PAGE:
FOR WINE LOVERS--and parents--Randall Grahm's Bonny Doon Vineyard in the Santa Cruz Mountains is a gratifying story of personal development that brings true adventure to our wining and dining.
Wine maker Grahm is the first-born son of Alan Grahm, importer, and his wife Ruth. The tall, lanky, long-haired Randall (who, with his brother and sister, had rebelled against family convention in '60s flower-child fashion) majored in philosophy at UC Santa Cruz after graduation from Beverly Hills High School. After three years, he thought his direction might be medicine, but a one-semester transfer to pre-med at MIT quickly taught him that this would not be his field. He returned to philosophy and Santa Cruz, somehow along the way discovering wines, viticulture and enology, which led him to UC Davis and his final degree in viticulture and enology.
Up among the redwoods and other conifers of Santa Cruz, Dick and Tommy Smothers had established a small winery in a forest clearing and were making some remarkably fine wines, winning a sweepstakes award for their Late Harvest Gewurztraminer, reported in this column in the mid-'70s. The comedians wisely trusted their wine making to a pro, who hired Randall as assistant wine maker.
Ruth Grahm told me how pleased her husband had been when Randall seriously applied himself to planting the vineyard and making wines; Alan Grahm was delighted when Randall phoned with the news that he'd won a bronze medal at one showing and then two golds at another fair. Who cared, now, that Randall Grahm still had long hair? His son the wine maker was a winner.
Competition in markets and on restaurant wine lists is fierce among the 676 California wineries, and recognition is tantamount to survival. The fight for space demands uncommon drive, intelligence, persistence and wit. Randall Grahm has all three qualities in abundance. This 34-year-old former philosophy major has calluses on his hands from hard labor in the field and cellar and an untiring mind to cope with inventive approaches to merchandising and exhaustive examination of varietal-grape-growing areas in the whole Western region, all bound together with the goal of making world-class wines of uncommon interest to the sincere wine lover.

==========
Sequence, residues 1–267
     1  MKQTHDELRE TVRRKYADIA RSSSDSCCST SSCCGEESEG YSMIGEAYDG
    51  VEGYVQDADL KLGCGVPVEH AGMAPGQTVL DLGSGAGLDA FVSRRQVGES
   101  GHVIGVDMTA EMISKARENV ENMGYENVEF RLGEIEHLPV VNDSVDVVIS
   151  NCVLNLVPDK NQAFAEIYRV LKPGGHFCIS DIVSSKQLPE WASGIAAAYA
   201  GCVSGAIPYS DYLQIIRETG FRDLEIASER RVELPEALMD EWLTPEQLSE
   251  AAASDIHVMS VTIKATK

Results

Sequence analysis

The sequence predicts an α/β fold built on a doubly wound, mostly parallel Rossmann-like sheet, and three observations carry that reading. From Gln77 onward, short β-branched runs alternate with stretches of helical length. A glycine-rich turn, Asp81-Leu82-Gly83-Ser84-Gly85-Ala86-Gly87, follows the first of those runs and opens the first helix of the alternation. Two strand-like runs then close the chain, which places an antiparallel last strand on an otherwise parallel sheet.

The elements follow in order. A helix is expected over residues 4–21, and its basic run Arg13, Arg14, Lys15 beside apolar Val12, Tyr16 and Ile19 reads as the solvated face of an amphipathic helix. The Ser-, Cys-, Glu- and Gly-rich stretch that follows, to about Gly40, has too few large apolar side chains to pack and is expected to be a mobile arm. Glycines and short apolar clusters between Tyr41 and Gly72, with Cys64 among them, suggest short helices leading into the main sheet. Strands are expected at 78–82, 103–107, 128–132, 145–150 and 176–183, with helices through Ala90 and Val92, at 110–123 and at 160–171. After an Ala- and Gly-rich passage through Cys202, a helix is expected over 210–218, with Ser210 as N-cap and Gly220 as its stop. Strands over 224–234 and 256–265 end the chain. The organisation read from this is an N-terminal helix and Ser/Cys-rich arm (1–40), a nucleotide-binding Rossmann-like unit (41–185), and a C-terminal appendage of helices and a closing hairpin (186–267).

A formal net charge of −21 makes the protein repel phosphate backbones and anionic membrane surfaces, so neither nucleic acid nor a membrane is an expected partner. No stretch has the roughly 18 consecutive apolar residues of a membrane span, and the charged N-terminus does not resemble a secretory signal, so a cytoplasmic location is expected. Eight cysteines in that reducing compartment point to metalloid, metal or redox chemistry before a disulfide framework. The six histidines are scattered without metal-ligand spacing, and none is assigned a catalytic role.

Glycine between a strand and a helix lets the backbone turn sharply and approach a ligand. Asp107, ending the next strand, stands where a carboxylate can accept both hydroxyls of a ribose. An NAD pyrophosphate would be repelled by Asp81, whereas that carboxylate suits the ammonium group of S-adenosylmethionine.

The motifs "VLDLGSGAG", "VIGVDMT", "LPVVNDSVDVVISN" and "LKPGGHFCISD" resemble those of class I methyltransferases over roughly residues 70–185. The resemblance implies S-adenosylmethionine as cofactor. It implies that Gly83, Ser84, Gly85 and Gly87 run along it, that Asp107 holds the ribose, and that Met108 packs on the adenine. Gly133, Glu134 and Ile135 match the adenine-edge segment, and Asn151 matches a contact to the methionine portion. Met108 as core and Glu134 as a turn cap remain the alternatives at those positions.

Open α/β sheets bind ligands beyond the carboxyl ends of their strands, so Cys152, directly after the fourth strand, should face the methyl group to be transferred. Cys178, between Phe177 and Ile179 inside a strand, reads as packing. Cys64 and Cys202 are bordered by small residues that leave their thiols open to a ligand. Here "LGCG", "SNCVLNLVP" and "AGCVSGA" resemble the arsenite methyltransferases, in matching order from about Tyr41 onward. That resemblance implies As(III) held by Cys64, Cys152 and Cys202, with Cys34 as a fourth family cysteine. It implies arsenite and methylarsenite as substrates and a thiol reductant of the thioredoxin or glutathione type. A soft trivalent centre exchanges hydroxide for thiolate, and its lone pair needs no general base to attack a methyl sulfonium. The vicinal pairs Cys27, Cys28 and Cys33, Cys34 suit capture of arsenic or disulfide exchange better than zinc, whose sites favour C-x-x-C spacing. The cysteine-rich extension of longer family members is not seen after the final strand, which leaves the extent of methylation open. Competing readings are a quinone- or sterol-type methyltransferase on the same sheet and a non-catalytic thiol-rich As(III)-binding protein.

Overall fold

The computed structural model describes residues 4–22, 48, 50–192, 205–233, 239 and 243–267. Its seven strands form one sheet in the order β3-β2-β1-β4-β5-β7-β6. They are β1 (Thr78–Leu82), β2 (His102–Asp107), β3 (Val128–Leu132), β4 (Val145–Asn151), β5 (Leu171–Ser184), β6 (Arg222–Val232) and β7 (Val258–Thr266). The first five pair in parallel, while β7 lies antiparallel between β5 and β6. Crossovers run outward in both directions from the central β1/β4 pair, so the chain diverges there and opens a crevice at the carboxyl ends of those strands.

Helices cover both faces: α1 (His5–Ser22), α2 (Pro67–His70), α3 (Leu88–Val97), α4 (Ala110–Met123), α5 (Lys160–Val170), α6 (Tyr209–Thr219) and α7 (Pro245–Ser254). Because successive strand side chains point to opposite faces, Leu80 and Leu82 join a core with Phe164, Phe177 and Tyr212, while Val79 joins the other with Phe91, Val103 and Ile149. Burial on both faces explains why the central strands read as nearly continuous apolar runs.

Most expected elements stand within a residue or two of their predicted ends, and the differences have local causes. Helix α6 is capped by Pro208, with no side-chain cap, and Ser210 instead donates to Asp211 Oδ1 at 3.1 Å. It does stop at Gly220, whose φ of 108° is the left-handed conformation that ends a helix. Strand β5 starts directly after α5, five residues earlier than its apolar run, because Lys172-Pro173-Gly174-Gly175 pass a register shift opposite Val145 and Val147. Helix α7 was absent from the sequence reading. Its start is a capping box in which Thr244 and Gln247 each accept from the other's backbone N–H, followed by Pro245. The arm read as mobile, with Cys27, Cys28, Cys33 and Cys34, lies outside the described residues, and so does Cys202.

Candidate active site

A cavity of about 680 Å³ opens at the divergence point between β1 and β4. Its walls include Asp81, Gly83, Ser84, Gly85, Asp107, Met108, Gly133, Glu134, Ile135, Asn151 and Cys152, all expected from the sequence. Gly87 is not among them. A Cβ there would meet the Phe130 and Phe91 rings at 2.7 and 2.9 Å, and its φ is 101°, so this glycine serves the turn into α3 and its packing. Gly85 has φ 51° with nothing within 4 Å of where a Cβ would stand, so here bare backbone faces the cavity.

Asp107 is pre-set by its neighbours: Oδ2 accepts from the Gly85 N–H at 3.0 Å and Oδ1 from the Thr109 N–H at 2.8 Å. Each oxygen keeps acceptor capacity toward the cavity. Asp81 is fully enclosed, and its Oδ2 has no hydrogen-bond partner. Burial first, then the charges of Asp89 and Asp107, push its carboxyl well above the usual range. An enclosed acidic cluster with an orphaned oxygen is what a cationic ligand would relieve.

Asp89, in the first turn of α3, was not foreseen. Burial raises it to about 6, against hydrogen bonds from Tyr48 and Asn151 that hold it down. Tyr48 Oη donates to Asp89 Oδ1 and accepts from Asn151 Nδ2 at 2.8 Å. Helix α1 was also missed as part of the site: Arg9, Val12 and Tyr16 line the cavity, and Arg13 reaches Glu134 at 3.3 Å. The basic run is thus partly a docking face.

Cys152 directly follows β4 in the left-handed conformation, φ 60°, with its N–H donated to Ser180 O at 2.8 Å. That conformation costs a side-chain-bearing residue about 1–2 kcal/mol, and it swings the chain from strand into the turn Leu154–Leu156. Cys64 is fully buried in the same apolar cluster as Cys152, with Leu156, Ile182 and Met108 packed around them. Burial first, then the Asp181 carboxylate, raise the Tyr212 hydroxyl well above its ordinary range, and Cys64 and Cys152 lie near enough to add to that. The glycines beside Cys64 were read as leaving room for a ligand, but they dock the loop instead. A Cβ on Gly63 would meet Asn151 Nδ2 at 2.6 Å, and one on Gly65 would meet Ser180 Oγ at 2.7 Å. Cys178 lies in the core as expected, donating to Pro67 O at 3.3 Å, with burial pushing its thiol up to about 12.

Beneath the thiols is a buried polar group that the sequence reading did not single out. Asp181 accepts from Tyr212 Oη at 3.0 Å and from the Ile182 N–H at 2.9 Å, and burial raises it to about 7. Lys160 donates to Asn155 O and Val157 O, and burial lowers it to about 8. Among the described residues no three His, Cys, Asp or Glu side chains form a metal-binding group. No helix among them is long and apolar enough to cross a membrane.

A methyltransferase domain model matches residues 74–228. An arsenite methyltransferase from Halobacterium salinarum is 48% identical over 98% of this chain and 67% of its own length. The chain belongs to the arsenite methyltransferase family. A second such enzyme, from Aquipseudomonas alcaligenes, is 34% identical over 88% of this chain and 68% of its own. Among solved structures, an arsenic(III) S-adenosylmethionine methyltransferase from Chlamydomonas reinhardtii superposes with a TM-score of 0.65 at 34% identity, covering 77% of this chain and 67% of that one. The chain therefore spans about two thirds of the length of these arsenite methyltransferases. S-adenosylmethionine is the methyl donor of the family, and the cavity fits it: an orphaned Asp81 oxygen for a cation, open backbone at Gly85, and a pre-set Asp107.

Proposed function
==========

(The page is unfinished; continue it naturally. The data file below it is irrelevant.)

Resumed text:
Grahm calls one of his wines Le Cigare Volante, which literally means "flying cigar," the French concept of a flying saucer. In 1954, Grahm asserts, villagers near the Chateauneuf-du-Pape winery banned the landing of flying saucers, or flying cigars, in their vineyards. As he was growing the same Rhone varieties of grapes, in itself an offbeat idea, Grahm sent his own message into space--a sign in his vineyard that said "welcome cigare volante ."
Every vintage of this Cigare Volante blending of Grenache, Syrah and Mourvedre has been sold out on release. There are always repeat sales because the wine is fabulously good, flavor-intense from those mountain grapes. The same is true of his estate-grown Chardonnay. When I arrived at the winery for my second visit recently, Randall Grahm walked into the tasting room with two lab samples of opaque juice, one strawberry-red, the other purple-red. "Raspberry?" I asked. He nodded, smiling.
"For the new dessert 'Infusions'?" He replied by pouring out samples of both.
"That's Hood variety strawberries from Mount Vernon, Wash. It has neutral grape spirits added to make it about 14% alcohol. This one is a special raspberry."
He watched closely as I tasted each one, each being an incredible translation of the berry to quaffing nectar.
Then we were off in the pickup truck to see the vineyard, two miles up the road from the winery.
There are 25 acres, laboriously planted, grafted, fenced and mesh-covered against the birds. There were rows of Chardonnay with tiny ripe berry clusters; the Mt. Eden clone yields less than one ton per acre.
"We're going to bud these vines over to Rhone varieties. I make a good Chardonnay, but economically this vineyard is a total loss."
Grahm's face bore no trace of bitterness. His mind was already enjoying the thought of his new adventure, freezing ripe mature grapes for making ice wine, without the waiting gamble of trusting Mother Nature to do her thing, or the trauma of middle-of-the-night harvesting. I've already tasted (and favorably reported here) the 1986 California Muscat Canelli "Vin de Glace" ($15 for 375 milliliters).
"I'd like to freeze Gewurztraminer, Semillon and Grenache. They'd make very interesting and delicious ice wines, as good as the Muscat Canelli," he said.